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SUNDANCE REVIEW: Julie Delpy’s “2 Days in New York” is Fun But Awfully Familar

SUNDANCE REVIEW: Julie Delpy's "2 Days in New York" is Fun But Awfully Familar

Julie Delpy’s genial 2007 directorial effort “2 Days in Paris” worked well enough; it delivered a small, uncomplicated romantic comedy and never left that safety zone. Her next film, “2 Days in New York,” repeats the same formula so specifically that it’s practically the same movie imported to a new setting. Shifting her love interest from Adam Goldberg to Chris Rock and moving the setting to Manhattan, “2 Days in New York” unfolds like a carefree metropolitan remix of the first installment. Since Delpy brings the same cheery vibes and her cast plays along, the familiarity is mostly welcome.

Delpy’s father, Albert Delpy, returns to play a fictionalized version of himself (both of her parents were featured in the original). This time, he shows up at the spacious apartment where his daughter Marion (Delpy) and her boyfriend Mingus (Rock) live with two children from earlier relationships. And he’s not alone: Marion’s horny sister Rose (Alexia Landeau) and her smarmy, vaguely racist and perpetually stoned boyfriend Manu (Alex Nahon, who wrote the screenplay with Delpy) tag along, instantly burdening the low-stress couple with the responsibility of keeping their wily visitors content.

Delpy explores this scenario with a light touch that borders on sitcom formula, but also toys with her characters’ sophistication in an obvious imitation of Woody Allen discourse. Their enlightened state comes across with a series of superficial details: The couple met at the Village Voice, where they both contribute; Mingus hosts a liberal talk show and Marion spends her days formulating high-concept photography projects and other far-reaching creative endeavors. While she frets over yoga class and considers an art project where she sells her soul, Mingus kills time by addressing a cardboard cutout of Barack Obama in his home office. And so on.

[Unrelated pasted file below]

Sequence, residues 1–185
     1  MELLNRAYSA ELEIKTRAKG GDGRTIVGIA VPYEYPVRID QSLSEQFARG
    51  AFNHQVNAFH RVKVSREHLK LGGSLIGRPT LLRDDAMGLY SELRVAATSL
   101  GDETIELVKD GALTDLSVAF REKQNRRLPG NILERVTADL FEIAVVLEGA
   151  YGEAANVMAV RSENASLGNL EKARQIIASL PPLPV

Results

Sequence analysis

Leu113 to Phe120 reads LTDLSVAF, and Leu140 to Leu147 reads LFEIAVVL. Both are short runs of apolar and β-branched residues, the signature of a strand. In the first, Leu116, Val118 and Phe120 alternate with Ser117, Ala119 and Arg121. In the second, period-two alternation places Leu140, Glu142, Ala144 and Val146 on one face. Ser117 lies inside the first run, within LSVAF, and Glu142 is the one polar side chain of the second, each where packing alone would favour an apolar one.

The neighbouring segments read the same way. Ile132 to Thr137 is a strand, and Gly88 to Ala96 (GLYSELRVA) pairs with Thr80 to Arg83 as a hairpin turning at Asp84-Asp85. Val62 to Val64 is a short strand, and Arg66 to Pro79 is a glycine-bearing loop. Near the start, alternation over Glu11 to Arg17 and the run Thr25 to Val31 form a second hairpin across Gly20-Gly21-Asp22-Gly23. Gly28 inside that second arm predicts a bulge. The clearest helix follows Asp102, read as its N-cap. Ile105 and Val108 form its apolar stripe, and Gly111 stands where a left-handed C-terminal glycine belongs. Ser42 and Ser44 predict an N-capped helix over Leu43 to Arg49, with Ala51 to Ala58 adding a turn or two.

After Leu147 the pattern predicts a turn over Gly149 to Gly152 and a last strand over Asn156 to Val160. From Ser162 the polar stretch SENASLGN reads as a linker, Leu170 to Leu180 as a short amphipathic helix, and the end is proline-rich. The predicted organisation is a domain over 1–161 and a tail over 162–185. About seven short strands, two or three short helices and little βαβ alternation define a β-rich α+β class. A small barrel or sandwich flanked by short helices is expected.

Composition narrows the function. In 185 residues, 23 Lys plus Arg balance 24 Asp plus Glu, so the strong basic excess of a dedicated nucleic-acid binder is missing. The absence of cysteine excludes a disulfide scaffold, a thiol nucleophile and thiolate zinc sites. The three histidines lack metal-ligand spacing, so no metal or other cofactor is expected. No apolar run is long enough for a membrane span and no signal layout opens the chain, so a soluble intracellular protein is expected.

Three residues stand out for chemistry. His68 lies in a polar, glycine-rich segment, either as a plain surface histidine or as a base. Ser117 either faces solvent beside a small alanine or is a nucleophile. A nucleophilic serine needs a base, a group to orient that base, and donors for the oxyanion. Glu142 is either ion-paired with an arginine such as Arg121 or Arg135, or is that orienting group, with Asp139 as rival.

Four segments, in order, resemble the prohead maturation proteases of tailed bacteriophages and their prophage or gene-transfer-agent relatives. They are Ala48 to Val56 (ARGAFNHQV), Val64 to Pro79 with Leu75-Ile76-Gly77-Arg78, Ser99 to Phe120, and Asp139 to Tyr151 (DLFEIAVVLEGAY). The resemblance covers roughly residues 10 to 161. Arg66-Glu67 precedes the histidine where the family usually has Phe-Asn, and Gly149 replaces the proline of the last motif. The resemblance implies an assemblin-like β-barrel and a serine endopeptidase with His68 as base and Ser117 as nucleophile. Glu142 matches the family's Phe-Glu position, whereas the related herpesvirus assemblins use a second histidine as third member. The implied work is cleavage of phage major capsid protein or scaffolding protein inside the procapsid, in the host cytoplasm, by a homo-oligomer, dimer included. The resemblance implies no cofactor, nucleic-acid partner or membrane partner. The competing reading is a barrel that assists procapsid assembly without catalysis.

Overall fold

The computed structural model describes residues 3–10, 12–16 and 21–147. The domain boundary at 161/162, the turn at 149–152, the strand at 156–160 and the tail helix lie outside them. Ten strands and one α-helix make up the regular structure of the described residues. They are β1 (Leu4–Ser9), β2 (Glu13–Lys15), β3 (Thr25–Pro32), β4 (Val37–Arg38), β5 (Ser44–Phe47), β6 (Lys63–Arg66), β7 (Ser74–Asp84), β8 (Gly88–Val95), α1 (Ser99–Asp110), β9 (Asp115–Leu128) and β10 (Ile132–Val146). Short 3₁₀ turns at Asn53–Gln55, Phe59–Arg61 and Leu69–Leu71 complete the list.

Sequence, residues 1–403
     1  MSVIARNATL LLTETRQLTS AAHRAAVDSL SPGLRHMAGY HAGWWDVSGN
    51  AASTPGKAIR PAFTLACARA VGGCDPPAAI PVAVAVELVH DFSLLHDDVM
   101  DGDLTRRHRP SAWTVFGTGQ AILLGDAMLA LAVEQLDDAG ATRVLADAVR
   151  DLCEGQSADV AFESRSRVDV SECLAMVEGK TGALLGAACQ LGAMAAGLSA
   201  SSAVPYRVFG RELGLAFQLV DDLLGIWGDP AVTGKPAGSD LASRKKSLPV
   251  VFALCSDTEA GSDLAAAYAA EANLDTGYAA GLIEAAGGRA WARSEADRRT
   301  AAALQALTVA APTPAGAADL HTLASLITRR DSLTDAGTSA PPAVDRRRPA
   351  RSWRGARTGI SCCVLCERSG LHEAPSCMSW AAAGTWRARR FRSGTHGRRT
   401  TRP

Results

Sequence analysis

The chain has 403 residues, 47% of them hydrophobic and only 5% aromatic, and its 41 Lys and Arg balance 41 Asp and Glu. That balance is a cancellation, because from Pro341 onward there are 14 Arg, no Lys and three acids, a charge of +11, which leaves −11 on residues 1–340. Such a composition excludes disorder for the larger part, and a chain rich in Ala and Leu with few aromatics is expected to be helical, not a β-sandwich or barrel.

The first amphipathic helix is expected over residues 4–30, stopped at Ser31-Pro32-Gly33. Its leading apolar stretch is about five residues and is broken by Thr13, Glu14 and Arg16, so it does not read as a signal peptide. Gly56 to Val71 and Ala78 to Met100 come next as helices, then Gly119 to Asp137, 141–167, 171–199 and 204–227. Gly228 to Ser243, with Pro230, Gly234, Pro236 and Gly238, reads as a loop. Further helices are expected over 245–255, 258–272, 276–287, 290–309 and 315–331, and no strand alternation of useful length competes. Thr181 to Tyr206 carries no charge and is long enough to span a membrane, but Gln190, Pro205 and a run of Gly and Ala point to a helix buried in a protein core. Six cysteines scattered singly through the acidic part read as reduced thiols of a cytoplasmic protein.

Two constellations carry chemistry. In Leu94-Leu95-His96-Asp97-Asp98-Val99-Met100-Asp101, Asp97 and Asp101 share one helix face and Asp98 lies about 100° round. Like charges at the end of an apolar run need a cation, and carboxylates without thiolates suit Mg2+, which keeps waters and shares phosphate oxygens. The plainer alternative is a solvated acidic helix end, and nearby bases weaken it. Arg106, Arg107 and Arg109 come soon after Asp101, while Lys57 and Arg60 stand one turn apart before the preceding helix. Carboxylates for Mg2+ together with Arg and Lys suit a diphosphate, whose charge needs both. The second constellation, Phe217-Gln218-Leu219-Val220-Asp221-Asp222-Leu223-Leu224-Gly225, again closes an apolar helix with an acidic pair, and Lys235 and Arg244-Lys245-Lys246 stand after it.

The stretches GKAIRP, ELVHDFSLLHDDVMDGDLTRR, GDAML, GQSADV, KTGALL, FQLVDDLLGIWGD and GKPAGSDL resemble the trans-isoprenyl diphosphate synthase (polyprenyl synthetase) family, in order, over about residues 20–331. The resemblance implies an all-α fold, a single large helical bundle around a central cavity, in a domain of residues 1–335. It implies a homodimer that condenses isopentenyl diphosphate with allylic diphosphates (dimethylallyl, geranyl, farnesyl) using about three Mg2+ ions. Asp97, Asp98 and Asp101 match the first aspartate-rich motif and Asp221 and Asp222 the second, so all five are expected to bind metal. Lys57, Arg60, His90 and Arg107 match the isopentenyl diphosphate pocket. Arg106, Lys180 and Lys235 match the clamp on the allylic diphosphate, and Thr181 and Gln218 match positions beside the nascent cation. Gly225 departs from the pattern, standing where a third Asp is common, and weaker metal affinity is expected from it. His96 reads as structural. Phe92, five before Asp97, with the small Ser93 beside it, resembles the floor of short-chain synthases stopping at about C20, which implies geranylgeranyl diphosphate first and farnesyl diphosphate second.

Their settled existence amusingly ricochets off Marion’s blithe family, particularly her giddy father and irascible sibling, whose behavior regularly leads to whiny showdowns. “Do you want to visit New York or fight all day?” Marion asks them. As it turns out, the two options aren’t mutually exclusive.

“2 Days in New York” intermittently drags without becoming an outright bore. Mingus’ cardboard Obama speeches grow tiring after the first time out, as do various sketch-like issues that arise over the course the family visit. The only serious misstep arrives late in the third act with a strange tangent involving Marion’s attempt to reclaim her soul from Vincent Gallo (don’t ask), a random twist that distracts from the movie’s central appeal.

Other than that, “2 Days in New York” suffers from a disconnect between occasionally sophomoric humor and a more refined intellectualism. While Deply includes high-minded dialogue about psychoanalyst Francoise Dolto and Arthur Rimbaud, the screenplay regularly wastes screen time with inferior jokes about diaper changing and an electric toothbrush possibly used as a dildo. The last thing a movie this low key needs is a reason to dumb itself down.

Even when it stumbles, however, “2 Days in New York” retains an airy vibe, reflecting its dogged intention of charming its viewers. Delpy can’t shake the disposable nature of her storytelling, mainly because of the ongoing sense that we’ve been through this before. But seeing as “2 Days in Paris” never felt especially irksome, this affable sequel deserves the same insouciant shrug.